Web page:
Cyanobacteria and the Formation of Oxygen

Currently, nearly 99% of primary production of oxygen comes from eukaryotic algae but prokaryotic bacteria were responsible for forming the oxygen on the Earth. see:

The chart below shows the early events on the planet, including the formation of O2.


Cyanobacteria, also called blue-green algae, were among the earliest organisms on Earth. These primitive bacteria produce oxygen during photosynthesis as they fix CO2 dissolved in the water. Analysis of RNA and DNA for different organisms shows that all other photosynthetic organisms derived this ability from cyanobacteria through endosymbiosis. Chloroplasts are the remnants of these engulfed cyanobacteria. Photosynthesis was invented once.

Cyanobacteria also fix nitrogen and, although they make up only a tiny percentage of the ocean's biomass, they are the principle agent for nitrogen fixation. Organisms that make oxygen and fix nitrogen have a problem because the enzymes involved in N2 reduction are poisoned by oxygen. To get around the problem, the bacteria expel the oxygen they produce and divide their time in either photosynthesis or nitrogen fixation.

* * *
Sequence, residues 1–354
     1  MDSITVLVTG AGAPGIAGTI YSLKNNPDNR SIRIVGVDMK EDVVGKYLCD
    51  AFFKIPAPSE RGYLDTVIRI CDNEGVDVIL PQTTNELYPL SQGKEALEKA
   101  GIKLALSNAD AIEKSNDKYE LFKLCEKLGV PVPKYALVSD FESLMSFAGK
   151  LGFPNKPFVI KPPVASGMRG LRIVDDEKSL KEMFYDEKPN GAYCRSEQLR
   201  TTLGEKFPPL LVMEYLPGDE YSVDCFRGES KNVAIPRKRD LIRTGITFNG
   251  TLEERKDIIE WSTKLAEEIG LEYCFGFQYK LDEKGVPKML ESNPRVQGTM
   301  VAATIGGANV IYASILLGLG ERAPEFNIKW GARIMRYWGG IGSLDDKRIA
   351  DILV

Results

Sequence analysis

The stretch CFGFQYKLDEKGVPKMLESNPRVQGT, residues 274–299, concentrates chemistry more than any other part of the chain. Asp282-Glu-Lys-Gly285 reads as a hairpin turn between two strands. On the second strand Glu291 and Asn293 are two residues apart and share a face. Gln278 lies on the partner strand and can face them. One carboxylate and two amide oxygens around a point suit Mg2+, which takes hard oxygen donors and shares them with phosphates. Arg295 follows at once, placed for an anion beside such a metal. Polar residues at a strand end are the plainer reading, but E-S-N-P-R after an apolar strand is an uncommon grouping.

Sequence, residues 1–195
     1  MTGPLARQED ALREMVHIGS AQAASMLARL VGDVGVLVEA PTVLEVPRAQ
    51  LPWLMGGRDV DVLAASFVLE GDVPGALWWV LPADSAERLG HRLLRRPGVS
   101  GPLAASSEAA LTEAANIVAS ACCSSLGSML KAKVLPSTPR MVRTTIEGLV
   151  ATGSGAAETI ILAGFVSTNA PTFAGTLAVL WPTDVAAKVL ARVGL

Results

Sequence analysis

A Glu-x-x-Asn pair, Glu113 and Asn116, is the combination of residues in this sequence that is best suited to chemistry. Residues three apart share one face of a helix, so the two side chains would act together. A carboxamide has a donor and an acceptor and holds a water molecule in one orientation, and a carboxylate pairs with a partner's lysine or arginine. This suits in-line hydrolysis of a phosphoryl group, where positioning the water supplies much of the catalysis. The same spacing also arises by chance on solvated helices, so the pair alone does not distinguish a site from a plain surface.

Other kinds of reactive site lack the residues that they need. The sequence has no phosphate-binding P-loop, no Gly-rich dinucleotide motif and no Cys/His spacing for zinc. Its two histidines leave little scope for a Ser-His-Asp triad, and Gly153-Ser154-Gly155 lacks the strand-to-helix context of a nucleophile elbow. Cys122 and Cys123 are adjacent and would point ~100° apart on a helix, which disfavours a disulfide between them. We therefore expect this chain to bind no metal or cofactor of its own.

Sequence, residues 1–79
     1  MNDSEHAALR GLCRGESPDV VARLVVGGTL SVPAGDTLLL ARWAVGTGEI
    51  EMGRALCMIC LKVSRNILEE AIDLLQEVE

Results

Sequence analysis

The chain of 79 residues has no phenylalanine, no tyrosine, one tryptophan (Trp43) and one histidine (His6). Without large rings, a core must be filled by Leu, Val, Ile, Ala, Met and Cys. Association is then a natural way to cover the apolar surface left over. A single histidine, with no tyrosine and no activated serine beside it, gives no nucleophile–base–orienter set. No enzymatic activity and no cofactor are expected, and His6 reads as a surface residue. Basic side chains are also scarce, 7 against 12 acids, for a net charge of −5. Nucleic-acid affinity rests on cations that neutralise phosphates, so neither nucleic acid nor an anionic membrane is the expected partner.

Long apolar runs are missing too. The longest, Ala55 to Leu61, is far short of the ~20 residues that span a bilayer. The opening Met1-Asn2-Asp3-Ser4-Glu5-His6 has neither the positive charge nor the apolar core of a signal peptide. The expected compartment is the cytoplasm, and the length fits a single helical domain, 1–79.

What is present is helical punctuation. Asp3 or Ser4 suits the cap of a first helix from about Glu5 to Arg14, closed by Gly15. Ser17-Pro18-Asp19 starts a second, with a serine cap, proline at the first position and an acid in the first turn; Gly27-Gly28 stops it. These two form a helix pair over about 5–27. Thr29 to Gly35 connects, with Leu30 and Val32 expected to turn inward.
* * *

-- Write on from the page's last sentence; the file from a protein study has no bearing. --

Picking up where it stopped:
There are many mechanisms to separate O2 formation and N2 reduction. Trichodesmium does photosynthesis in the day time but only does nitrogen fixation at night.

Early Life and Global Climate Change


Early life forms also produced CH4, N2O, CH3Cl, Me2S that had a major effect on global warming. In those early years, the sun was dimmer and didn't provide the solar flux we have today. Methane, produced by microorganisms was the major greenhouse gas. In the low oxygen conditions of the past, the atmospheric lifetime of methane was about 10,000 years instead of the 14 years it is today. The greenhouse effect warmed the surface of the planet and promoted an explosive growth of living things.

This simple organism changed the Earth. There was little free O2 until large quantities of cyanobacteria released it into the atmosphere 2.3 billion years ago. The large input of oxygen also oxidized the methane in the atmosphere, replacing it with CO2, a less potent greenhouse gas. For this reason, the first ice age coincided with the release of O2. The molecular oxygen also oxidized iron on the surface of the planet and created the red, oxidized iron deposits we can see beginning from that era.

Professor Patricia Shapley, University of Illinois, 2010